“Come with me, McTavish,” he said to his woods-boss. They passed through a narrow gap between two low hills and emerged in a long narrow valley where the redwood grew thickly and where the smallest tree was not less than fifteen feet in diameter and two hundred and fifty feet tall. McTavish followed at the master’s heels as they penetrated this grove, making their way with difficulty through the underbrush until they came at length to a little amphitheatre, a clearing perhaps a hundred feet in diameter, oval-shaped and surrounded by a wall of redwoods of such dimensions that even McTavish, who was no stranger to these natural marvels, was struck with wonder. The ground in this little amphitheatre was covered to a depth of a foot with brown, withered little redwood twigs to which the dead leaves still clung, while up through this aromatic covering delicate maidenhair ferns and oxalis had thrust themselves. Between the huge brown boles of the redwoods woodwardia grew riotously, while through the great branches of these sentinels of the ages the sunlight filtered. Against the prevailing twilight of the surrounding forest it descended like a halo, and where it struck the ground John Cardigan paused.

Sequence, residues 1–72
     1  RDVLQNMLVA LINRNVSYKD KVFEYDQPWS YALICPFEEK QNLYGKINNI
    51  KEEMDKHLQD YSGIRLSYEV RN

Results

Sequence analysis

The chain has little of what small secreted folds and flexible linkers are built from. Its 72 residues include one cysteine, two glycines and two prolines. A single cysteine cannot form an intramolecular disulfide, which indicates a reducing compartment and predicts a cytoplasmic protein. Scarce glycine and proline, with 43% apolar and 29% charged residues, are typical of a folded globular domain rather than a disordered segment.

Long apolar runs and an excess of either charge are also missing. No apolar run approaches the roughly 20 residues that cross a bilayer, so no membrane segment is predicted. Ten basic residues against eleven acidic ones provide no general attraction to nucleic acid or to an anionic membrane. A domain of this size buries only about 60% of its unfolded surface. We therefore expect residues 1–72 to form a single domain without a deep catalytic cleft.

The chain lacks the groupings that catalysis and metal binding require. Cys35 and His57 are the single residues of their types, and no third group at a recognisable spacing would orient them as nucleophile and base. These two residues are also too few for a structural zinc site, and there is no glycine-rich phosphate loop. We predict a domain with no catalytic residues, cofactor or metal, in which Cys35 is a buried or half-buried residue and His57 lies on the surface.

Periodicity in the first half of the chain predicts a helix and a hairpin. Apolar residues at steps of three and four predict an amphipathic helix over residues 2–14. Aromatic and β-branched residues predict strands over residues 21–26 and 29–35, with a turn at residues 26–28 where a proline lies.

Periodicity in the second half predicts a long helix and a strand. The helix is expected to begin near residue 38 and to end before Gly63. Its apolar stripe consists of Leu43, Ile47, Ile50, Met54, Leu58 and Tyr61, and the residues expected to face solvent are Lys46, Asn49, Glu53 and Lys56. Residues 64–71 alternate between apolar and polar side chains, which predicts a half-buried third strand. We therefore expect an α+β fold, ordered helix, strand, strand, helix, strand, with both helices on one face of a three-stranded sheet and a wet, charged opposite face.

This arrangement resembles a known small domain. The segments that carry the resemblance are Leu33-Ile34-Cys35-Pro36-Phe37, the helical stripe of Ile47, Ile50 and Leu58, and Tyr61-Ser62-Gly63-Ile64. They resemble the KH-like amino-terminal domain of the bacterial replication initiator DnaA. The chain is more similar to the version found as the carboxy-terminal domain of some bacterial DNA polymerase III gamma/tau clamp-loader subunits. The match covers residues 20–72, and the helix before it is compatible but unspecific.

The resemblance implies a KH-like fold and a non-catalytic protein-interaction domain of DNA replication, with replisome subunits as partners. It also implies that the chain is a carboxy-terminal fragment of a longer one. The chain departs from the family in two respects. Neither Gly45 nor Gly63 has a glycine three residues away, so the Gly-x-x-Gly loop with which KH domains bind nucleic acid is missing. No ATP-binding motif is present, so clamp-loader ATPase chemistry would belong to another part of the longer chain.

“McTavish,” he said, “she died this morning.”
“I’m sore distressed for you, sir,” the woods-boss answered. “We’d a whisper in the camp yesterday that the lass was like to be in a bad way.”
Cardigan scuffed with his foot a clear space in the brown litter. “Take two men from the section-gang, McTavish,” he ordered, “and have them dig her grave here; then swamp a trail through the underbrush and out to the donkey-landing, so we can carry her in. The funeral will be private.”
McTavish nodded. “Any further orders, sir?”
“Yes. When you come to that little gap in the hills, cease your logging and bear off yonder.” He waved his hand. “I’m not going to cut the timber in this valley. You see, McTavish, what it is. The trees here—ah, man, I haven’t the heart to destroy God’s most wonderful handiwork. Besides, she loved this spot, McTavish, and she called the valley her Valley of the Giants. I—I gave it to her for a wedding present because she had a bit of a dream that some day the town I started would grow up to yonder gap, and when that time came and we could afford it, ’twas in her mind to give her Valley of the Giants to Sequoia for a city park, all hidden away here and unsuspected.